The Book of Job-Chapter Twenty-Four:

"True Lot of the Unrighteous"

So far in Job's story he has been figuring out many things. He has come a long way and done well by my way of measuring. Like all of us he has farther to go and more to learn. And I hope to travel and learn along with him as our study of the Book of Job continues and eventually concludes. Previously Job had realized that a stark reality of this life is that righteousness before God does not guarantee the absence of suffering and pain. In light of that, Job will now try to take a newly informed look at the nature of unrighteousness.


Verse 1: "Why, seeing times are not hidden from the Almighty, do they that know him not see his days? "


Here is a plaintive opening statement. Satan said that by this point, Job would be cursing God. Thankfully he isn't doing that. However, he continues to openly and honestly ask some very serious questions of the Lord. I think what he means in verse one is: "God, if you know it all, why don't you just reveal it ALL to ME right NOW!" And before I get to high and mighty here, let me say that I have often felt this way myself. And if this type of thought ever troubles you, all I can say is that somehow part of trusting the Lord is to accept the fact that you cannot -at least on this earth- be fully privy to all that He knows. One thing that helps me in this area is to remember to be very grateful for that which He does reveal to me and to TRY to be patient about the rest.


Verses 2-4: "Some remove the landmarks; they violently take away flocks, and feed thereof. They drive away the ass of the fatherless, they take the widow's ox for a pledge. They turn the needy out of the way: the poor of the earth hide themselves together."


One thing Job observed about the wicked was that they often prosper by taking from anyone who can't protect or defend themselves. They create a "class of the oppressed" in their wake who must ever attempt to hide from them. This trend definitely continues into our day. Christ may have indicated that this will always be the case on this earth when he said in the New Testament: "You have the poor always with you."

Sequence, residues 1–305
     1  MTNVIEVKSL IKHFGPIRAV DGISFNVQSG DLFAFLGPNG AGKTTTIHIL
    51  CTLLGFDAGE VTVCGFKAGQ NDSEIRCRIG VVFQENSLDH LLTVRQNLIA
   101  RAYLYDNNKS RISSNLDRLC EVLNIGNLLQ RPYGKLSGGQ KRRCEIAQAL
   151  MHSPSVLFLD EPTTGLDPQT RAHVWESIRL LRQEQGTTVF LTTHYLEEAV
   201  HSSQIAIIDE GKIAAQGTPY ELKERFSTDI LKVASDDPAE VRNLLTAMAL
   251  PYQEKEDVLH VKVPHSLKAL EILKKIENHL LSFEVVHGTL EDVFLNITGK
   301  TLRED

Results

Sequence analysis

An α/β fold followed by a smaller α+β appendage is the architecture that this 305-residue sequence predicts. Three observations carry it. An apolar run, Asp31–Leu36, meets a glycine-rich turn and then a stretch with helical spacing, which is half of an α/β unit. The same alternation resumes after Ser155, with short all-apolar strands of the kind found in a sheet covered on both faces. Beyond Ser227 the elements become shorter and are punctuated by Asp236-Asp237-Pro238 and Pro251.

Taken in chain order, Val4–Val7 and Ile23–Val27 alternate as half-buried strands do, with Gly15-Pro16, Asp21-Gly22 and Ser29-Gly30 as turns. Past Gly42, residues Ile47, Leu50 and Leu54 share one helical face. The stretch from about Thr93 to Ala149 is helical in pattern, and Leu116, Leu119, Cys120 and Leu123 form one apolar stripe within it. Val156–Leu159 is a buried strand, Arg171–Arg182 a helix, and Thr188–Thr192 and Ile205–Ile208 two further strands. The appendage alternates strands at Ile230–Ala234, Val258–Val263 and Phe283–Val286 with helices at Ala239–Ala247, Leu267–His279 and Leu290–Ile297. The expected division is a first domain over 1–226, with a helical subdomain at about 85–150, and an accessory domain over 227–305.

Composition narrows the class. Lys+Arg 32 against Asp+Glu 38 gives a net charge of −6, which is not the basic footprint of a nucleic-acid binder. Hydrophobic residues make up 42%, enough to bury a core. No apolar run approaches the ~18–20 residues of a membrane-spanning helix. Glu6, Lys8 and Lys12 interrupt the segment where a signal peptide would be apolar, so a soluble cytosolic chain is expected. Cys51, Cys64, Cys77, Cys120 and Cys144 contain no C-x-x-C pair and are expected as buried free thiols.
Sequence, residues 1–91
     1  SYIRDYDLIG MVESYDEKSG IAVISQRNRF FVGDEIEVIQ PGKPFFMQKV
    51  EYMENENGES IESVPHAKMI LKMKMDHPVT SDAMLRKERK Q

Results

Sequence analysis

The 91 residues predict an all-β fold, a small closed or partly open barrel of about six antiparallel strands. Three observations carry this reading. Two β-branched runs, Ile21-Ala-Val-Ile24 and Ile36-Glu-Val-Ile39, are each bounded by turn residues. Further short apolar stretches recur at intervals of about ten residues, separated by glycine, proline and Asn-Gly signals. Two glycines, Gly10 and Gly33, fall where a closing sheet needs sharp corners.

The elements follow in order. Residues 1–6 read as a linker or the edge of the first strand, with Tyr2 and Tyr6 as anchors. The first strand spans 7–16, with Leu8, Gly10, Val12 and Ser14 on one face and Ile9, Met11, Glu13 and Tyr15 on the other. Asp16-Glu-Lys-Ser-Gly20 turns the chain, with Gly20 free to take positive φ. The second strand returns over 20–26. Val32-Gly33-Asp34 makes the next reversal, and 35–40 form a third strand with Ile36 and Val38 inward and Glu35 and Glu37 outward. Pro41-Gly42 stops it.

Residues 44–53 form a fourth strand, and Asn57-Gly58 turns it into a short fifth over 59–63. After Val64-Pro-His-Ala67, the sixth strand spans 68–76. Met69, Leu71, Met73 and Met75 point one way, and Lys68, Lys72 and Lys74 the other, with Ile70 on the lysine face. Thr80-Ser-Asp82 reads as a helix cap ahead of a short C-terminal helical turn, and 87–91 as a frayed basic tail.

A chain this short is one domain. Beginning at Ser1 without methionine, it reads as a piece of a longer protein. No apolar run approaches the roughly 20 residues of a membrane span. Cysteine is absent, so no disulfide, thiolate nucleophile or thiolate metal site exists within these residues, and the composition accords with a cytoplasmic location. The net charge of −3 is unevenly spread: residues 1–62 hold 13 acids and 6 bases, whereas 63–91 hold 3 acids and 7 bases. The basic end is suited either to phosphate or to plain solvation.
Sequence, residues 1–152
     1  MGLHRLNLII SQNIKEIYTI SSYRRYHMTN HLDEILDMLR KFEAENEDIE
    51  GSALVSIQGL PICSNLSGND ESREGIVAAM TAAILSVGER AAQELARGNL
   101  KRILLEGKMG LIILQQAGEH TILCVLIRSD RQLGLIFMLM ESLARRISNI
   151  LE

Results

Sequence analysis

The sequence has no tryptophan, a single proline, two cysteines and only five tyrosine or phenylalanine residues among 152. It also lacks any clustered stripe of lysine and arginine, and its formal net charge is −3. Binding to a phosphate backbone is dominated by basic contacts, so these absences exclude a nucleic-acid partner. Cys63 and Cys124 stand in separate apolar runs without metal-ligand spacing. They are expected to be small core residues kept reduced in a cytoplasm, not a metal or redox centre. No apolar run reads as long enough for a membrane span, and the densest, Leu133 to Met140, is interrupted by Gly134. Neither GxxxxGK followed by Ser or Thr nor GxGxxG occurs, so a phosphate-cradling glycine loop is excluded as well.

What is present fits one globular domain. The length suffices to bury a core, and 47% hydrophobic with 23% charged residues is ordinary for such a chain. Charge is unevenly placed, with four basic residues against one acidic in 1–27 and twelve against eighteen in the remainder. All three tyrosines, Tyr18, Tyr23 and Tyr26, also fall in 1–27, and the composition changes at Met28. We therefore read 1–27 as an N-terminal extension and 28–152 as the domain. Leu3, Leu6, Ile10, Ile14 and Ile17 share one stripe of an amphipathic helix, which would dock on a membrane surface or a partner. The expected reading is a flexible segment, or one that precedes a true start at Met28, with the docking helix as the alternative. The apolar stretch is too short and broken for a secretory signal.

The unrighteous just take whatever they want, whenever they can, from whomever they can. And that's not all they do:


Verses 5-6: "Behold, as wild asses in the desert, go they forth to their work; rising betimes for a prey: the wilderness yieldeth food for them and for their children. They reap every one his corn in the field: and they gather the vintage of the wicked."


They often seem to succeed in life! Discarding any need for true righteousness and taking on an animalistic (survival of the fittest) approach to living may actually work out in some ways. It can seem a very efficient way to get results. Just look around -if you'll forgive me for saying it- we have a lot of "wild asses" running loose in our world today (sometimes I think I've still got one running around somewhere inside of me!). One of the main things that kept the unrighteous from Jehovah in Job's day and from Christ today is the fact that what they are doing brings some success in life.


One BIG problem with this kind of prosperity, though, is that you have to constantly feed it by victimizing your fellow man: